[Note 11] Even if, contrary to our belief, Hovnanian's interest in a sewer tie-in was related to a constitutionally secured right to use of the property in question, see Bell v. Mazza, supra at 182, remedial rights under G. L. c. 12, Section 11I, nevertheless, may not be involved. The Supreme Judicial Court has concluded "that the Legislature intended to provide a remedy under G. L. c. 12, Section 11I, coextensive with 42 U.S.C. Section 1983 (Supp. V 1981)." Id. at 181. Redgrave v. Boston Symphony Orchestra, Inc., 399 Mass. 93 , 98 (1987). Not directly involved here is the recognized distinction "that the Federal statute requires State action whereas its State counterpart does not." Batchelder v. Allied Stores Corp., 393 Mass. 819 , 822-823 (1985). We, therefore, are guided by decisions interpreting the Federal statute which have recognized that when broad discretion is accorded to a governmental body, as here, where both Taunton and Dighton have virtually unbounded discretion to permit the tie-in in question, the likelihood of the existence of a property interest in that tie-in is greatly diminished. Rosenfeld v. Board of Health of Chilmark, 27 Mass. App. Ct. at 627.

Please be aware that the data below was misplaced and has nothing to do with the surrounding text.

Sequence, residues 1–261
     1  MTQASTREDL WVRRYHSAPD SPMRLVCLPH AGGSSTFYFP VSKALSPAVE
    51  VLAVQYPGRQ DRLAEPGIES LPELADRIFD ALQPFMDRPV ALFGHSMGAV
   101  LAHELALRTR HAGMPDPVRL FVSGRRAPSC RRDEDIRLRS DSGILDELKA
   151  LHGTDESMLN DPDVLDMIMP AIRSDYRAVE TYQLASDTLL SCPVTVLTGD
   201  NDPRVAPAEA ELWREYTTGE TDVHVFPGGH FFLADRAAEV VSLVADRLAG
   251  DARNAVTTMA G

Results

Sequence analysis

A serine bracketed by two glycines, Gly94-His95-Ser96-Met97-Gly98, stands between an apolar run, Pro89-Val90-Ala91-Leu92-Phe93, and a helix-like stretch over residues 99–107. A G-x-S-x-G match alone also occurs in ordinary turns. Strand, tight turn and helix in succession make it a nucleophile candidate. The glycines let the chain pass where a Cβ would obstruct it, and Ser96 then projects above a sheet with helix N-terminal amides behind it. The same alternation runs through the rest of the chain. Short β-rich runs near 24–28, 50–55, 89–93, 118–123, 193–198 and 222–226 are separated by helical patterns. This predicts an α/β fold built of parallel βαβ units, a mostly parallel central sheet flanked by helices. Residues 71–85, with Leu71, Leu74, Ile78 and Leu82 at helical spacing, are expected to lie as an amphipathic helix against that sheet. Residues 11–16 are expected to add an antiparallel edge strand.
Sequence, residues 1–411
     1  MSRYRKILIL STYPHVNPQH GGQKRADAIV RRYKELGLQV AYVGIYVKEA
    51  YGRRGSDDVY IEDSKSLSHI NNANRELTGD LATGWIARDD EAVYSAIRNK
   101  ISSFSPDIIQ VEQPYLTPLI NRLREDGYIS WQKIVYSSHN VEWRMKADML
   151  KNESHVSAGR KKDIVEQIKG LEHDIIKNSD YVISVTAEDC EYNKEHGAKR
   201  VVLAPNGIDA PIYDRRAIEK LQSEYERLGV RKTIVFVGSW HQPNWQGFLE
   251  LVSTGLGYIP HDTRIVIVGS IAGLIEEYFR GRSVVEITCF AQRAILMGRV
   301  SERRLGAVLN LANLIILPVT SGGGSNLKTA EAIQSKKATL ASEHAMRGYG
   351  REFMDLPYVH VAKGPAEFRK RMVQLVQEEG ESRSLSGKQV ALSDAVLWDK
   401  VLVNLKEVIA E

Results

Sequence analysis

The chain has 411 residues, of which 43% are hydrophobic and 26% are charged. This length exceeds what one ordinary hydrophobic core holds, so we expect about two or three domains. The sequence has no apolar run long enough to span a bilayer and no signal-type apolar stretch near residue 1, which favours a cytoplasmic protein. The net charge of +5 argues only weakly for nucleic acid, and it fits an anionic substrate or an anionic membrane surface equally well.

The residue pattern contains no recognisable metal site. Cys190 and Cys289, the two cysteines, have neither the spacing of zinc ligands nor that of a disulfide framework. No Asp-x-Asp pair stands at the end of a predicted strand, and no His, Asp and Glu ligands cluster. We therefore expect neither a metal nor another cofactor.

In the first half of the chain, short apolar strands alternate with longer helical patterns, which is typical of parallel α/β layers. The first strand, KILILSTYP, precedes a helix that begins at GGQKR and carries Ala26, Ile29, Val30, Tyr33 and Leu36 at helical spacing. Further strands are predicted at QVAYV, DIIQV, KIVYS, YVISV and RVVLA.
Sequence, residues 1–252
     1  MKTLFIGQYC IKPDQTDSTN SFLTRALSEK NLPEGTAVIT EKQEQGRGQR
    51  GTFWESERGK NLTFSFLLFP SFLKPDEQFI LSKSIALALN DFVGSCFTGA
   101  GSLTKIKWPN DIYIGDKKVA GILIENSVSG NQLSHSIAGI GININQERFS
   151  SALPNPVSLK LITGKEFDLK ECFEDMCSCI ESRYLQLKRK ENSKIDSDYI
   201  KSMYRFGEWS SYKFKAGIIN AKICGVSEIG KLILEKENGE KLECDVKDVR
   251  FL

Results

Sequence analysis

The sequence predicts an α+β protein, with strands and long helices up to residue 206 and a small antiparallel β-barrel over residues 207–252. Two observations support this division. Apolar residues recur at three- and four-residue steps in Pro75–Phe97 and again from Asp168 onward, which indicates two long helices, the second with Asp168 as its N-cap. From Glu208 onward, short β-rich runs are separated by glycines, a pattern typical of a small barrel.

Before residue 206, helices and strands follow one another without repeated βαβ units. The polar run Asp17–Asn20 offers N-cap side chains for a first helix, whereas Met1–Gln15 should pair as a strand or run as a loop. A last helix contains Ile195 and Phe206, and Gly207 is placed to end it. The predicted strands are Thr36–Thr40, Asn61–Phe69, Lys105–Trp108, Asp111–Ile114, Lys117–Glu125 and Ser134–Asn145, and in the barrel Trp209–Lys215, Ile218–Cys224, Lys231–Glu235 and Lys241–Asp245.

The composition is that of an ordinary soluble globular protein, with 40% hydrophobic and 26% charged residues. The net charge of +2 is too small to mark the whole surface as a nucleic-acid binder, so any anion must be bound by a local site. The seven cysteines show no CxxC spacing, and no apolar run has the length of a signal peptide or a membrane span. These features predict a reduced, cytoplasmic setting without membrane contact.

[Note 12] Other than its claims under G. L. c. 83, Section 3, and G. L. c. 41, Sections 81K to 81GG, Hovnanian does not assert violation of any right secured by any other laws of the Commonwealth. We, therefore, do not go beyond considering violation of constitutional rights. See Bell v. Mazza, 394 Mass. at 181 n.7.
[Note 13] This commentator notes that the First Circuit line of decisions is not followed in the other Federal circuits. See Id. Section 2.6.1 at 77 n.16.
[Note 14] Since separate argument was not made to us, we intimate no opinion with respect to that part of the declaratory judgment stating that "Taunton's permission is necessary as a condition of Dighton's approval of Hovnanian's application for sewer connection and extension permits where the contemplated tie-in is to occur in Dighton," insofar as it might be construed as applying to development of the nine-acre Dighton portion of the land under option.
[Note 15] Accordingly, Hovnanian is not entitled to the award of attorneys' fees. See note 5, supra; Flesner v. Technical Communications Corp., 410 Mass. 805 , 819 n.13 (1991).